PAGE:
Airbus EC130B4 Destroyed After Ice Ingestion - Engine Intake Left Uncovered (Air Methods, N334AM)
On 2 January 2013, Eurocopter EC130B4 HEMS air ambulance helicopter N334AM, operated by Air Methods, experienced a hard landing following a loss of power from its Turbomeca Arriel 2B1 turboshaft engine near Seminole, Oklahoma. The pilot and three medical crew members were all seriously injured.
…received a standby call for a response to an accident scene. The pilot checked weather for the flight. He went and removed the helicopter inlet cover and the flight was requested to launch. The pilot performed a walk around inspection of the helicopter and started the helicopter normally. Shortly after takeoff, while climbing through 1,600 and 1,700 feet mean sea level (msl), the pilot heard a sound like something had struck the helicopter and the engine stopped producing power. The pilot had limited recollection of the next events but recalled that while performing an autorotation, he made a right turn to an open field.
While maneuvering to land to the field he saw a previously undetected barbed wire fence. The pilot maneuvered the helicopter over the fence and [a] crew member reported seeing the sky through the forward windscreen before they impacted the ground.
According to the NTSB Airworthiness Group report:
The location of the ground scars relative to the final resting position of the aircraft was consistent with a clockwise rotation of the aircraft of approximately 180 degrees following initial ground impact of the landing skids and the tail skid. A barbed-wire fence was located approximately 16 feet west of the single tail skid ground scar and approximately 54 feet west of the main wreckage.
The NTSB explain that:
Engine examination revealed that the four axial compressor blades exhibited significant deformation on the outboard tips of their leading edges in the direction opposite of normal rotation consistent with the ingestion of soft body foreign object debris, such as ice.
Investigation however revealed that:
For 3 days before the accident flight, the helicopter was parked outside without its engine cover installed and was exposed to light drizzle, rain, mist, and fog. The engine inlet cover was installed the day before the accident at an unknown time. The helicopter remained outside and exposed to freezing temperatures throughout the night until 2 hours before the flight.
Although the helicopter was maintained in a ready status on the helipad and maintenance personnel performed daily preflight/airworthiness checks, the inlet to the first-stage of the axial compressor was not inspected to ensure that it was free of ice in accordance with the Aircraft Maintenance Manual.
The NTSBconclude that:
Based on the weather conditions that the helicopter was exposed to during the 3 days before the accident, it is likely that ice formed in the engine air inlet before the flight and that, when the pilot increased the engine power during takeoff, the accumulated ice separated from the inlet and was ingested by the engine and damaged the compressor blades.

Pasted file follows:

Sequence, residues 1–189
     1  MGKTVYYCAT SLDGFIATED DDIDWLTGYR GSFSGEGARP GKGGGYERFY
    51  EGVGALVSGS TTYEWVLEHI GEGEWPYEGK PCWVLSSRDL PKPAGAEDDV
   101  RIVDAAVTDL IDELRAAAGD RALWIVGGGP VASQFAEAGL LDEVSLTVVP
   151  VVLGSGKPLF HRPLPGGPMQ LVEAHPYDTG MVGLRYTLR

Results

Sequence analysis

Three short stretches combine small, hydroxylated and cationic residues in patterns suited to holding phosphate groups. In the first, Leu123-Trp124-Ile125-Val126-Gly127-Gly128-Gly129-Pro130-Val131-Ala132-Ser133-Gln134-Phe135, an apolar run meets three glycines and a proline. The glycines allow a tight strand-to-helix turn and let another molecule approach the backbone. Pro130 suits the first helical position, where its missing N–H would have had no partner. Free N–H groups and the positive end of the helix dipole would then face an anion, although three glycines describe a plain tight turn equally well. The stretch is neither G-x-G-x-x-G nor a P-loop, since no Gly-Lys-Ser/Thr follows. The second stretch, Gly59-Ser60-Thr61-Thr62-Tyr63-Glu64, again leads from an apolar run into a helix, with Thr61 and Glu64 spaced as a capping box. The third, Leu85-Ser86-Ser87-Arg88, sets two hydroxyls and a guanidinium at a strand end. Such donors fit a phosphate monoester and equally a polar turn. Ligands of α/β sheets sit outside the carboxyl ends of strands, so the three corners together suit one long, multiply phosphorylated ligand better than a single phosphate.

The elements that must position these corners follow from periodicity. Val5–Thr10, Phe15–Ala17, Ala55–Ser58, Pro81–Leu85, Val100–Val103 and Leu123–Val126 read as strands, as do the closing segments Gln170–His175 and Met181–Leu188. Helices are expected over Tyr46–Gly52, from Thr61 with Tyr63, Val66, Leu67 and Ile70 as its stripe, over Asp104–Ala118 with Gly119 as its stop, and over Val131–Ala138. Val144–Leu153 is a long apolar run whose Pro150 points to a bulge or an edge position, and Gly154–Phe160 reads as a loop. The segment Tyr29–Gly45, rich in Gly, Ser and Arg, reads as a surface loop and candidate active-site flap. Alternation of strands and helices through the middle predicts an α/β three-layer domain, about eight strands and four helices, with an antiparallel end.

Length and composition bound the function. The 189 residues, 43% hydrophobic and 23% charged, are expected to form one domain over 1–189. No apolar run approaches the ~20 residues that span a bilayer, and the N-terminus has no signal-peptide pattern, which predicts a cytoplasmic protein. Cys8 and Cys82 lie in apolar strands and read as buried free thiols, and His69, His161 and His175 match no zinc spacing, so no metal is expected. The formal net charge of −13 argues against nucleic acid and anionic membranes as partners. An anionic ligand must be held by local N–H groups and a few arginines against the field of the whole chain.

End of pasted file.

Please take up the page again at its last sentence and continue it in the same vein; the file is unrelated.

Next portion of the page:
NTSB Probable Cause
The loss of engine power due to ice ingestion.
Contributing to the accident was maintenance personnel’s delayed decision to install the helicopter’s engine inlet cover until after the engine had been exposed to moisture and freezing temperatures and their inadequate daily preflight/airworthiness checks, which did not detect the ice formation.
Failure to Learn?
However less than a year earlier, on 17 January 2012, Royal Canadian Mounted Police (RCMP) Eurocopter AS350B3 C-FMPG was destroyed and its pilot killed at Cultus Lake, near Chilliwack, British Columbia. We analysed that accident here: RCMP AS350B3 Left Uncovered During Snowfall Fatally Loses Power on Take Off
According the Transportation Safety Board of Canada (TSB) final report, earlier in the day, the helicopter had deployed from Vancouver to a Canadian Dept of National Defence (DND) site at Cultus Lake. The TSB concluded that:
- The available protective covers for the airframe and the engine air intake were not installed when the helicopter was shut down or when heavy snow began to fall. In addition, preparation of the helicopter for flight, by removal of the accumulated snow from the airframe or the air intake, was not carried out as required by the rotorcraft flight manual.
- Water accumulated in the engine air intake system, and ice or compacted snow built up in the engine air intake plenum after start. The helicopter experienced a complete loss of engine power resulting from a sudden change in air/fuel ratio caused by ingestion of the contaminant.
- The helicopter’s power loss occurred at an altitude and airspeed that did not permit an autorotation, which led to a rapid loss of main-rotor rpm and an extremely high rate of descent.
- As the helicopter descended, the rapid decay in main-rotor rpm resulting from the engine power loss reduced the effectiveness of the flight controls, leading to an impact with terrain that was beyond human tolerances
Eurocopter (now Airbus) issued Safety Information Notice 2645-S-30, in October 2013 applicable to AS350, AS550, and EC130, regarding ice and rain protection.
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